14 June 2017

Book Review: "Granola, MN" by Susanne Aspley

Book Review: "Granola, MN: Love and War in a Nutty Little Town" by Susanne Aspley

Set in a fictional rural town in modern-day Minnesota, Suzanne Aspley's "Granola, MN" is a light-hearted romp through some potentially dark territory, including such topics as drug addiction, losing a child, and what it means to come home from war. It's bursting with Middle Western charm, snark, and wisdom.

Aspley's characters are full of character, new regional archetypes who each have their flaws, but who also generally support and believe in each other. The tone is snappy and fresh, so laugh-out-loud and dialogue-driven that it seems ready-made for a small art house film. Think "Northern Exposure" meets "What's Eating Gilbert Grape?" Or "Gilmore Girls" as narrated by the clear-eyed, smart-mouthed title character in "Juno."

The exurban setting of Granola, Minn. (pop. 2,000) is rich with details that ring true, such as old-school hardware stores that serve free popcorn to customers, and sounds-about-right business names such as Git-n-Split, Liquor Pig, Taco Gong, and Chub Grocery.

Aspley's narrator-protagonist is the quietly ambitious Allison Couch (like the thing you sit on), who dreams of one day buying the town's hardware store, in order to save it from the clutches of the local real-estate hustler. Her friend and mentor, Mr. Whitehead, owns the "last Alamo of Granola's original downtown stores." The county building inspector, who also happens to own the adjacent strip mall, covets Whitehead's land for its potential as a parking lot. Plot-wise, that tension is far from the only thing going on, but it serves as an effective zipline through the book's smaller adventures.

Content with the day-to-day rhythms of Granola, Allison's worldview gets a little bigger when she meets Toby, a military veteran who was awarded the Silver Star for actions in Afghanistan. Toby has recently moved in with his mom, the principal of the area high school. The townspeople want to celebrate Toby with a float in the Fourth of July parade. Toby's relationship to the war, however, is complicated.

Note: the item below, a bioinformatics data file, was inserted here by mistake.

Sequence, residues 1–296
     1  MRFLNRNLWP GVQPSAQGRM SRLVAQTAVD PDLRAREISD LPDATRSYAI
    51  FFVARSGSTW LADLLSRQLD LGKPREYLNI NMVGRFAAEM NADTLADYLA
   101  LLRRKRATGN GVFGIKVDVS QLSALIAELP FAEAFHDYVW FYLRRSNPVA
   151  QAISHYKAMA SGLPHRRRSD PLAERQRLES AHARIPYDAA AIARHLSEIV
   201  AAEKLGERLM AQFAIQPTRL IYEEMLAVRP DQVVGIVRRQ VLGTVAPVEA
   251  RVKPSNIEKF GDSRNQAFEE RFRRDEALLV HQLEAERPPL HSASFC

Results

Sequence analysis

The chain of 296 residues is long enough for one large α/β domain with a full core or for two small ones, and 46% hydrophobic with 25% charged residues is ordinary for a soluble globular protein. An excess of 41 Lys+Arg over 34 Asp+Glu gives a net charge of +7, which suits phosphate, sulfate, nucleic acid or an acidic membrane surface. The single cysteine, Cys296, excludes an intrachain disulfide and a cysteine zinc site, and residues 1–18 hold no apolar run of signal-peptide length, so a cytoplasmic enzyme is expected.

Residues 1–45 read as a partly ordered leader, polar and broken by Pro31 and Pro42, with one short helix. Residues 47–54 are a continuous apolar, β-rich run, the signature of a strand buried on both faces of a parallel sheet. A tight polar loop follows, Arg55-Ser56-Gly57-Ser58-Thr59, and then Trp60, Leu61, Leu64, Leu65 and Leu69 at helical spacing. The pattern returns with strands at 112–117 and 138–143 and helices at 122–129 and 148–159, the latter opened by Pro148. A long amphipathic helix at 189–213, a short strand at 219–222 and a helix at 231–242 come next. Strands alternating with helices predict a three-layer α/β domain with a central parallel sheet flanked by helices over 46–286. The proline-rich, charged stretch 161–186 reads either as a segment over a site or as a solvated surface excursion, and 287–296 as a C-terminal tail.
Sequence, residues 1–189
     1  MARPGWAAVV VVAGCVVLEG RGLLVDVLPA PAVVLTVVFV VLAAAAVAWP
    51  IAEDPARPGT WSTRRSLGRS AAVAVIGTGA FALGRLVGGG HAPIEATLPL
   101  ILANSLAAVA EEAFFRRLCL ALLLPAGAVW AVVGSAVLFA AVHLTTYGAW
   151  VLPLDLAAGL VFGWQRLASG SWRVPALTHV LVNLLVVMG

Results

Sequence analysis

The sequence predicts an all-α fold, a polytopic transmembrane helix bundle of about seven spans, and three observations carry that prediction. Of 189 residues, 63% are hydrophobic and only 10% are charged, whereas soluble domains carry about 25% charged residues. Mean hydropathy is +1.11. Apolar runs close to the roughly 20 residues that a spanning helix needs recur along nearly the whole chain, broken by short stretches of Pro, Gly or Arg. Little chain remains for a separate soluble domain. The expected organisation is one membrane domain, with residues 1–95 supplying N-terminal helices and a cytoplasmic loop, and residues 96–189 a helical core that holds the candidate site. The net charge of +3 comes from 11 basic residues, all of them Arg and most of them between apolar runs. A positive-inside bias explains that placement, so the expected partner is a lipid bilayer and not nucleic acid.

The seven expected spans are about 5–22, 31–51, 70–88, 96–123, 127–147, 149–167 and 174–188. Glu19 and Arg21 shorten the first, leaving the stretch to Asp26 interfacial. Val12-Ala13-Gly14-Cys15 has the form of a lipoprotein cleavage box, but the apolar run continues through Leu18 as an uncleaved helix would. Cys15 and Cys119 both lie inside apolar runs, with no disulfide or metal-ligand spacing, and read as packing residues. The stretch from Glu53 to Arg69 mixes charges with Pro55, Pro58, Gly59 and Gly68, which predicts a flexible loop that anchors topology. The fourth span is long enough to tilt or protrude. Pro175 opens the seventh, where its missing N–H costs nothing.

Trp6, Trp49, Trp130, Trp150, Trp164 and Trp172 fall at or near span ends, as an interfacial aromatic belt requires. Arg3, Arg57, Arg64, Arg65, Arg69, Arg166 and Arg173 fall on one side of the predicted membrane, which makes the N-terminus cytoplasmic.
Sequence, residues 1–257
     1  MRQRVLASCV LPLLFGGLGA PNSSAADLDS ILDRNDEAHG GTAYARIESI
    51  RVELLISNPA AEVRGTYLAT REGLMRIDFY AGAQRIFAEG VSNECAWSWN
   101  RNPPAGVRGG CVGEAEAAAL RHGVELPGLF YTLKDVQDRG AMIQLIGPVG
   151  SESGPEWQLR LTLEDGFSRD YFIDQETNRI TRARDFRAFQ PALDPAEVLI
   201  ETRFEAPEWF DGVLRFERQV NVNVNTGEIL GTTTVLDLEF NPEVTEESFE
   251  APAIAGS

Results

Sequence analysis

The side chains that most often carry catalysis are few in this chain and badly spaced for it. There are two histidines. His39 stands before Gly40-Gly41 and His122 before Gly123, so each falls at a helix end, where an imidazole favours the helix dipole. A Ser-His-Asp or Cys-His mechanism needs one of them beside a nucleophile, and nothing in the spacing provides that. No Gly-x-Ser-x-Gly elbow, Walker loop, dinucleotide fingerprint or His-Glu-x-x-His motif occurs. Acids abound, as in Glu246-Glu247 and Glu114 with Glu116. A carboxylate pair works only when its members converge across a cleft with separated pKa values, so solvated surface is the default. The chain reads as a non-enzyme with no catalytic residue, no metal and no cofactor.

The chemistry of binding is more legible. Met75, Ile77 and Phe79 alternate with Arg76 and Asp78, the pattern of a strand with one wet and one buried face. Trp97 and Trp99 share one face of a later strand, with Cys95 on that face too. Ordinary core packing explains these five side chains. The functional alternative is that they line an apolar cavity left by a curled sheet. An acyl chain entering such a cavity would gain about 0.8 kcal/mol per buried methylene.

"People think I'm some kind of hero," he tells Allison. "But I don't feel like one. There's a clown jury, a box of bozos in my head that keeps telling me I'm guilty because I'm alive. And the jury don't stop replaying the evidence. […] I wish I could have save them all, or none of them. Or kill all the Taliban, or none of them. I don't like the feeling of playing God, like it was up to who I should save, or kill, or not."

Says the well-grounded Allison, a little earlier: "I think it's normal to be different after a war. You'd be crazy if it didn't affect you, but you gotta manage it a little better. And you can't do that alone, or by not letting people help you."

In short, "Granola, MN" is a delight. Nothing too deep, unless you think about it a little more. Or read it more than once. And, given how packed it is with wisecracks and jokes and plainspoken pearls of wisdom, you'll want to do both.

Author Susanne Aspley is a retired 20-year veteran of the U.S. Army Reserve. During her 20-year military career as a photojournalist, she deployed to places such as Bosnia, Cuba, Kuwait, and Panama. She is also a former drill sergeant, and served in Thailand as a member of the Peace Corps in 1989-1991. She has written two novels, and multiple children's foreign-language books.

"Granola, MN" is available in trade paperback and Kindle format.

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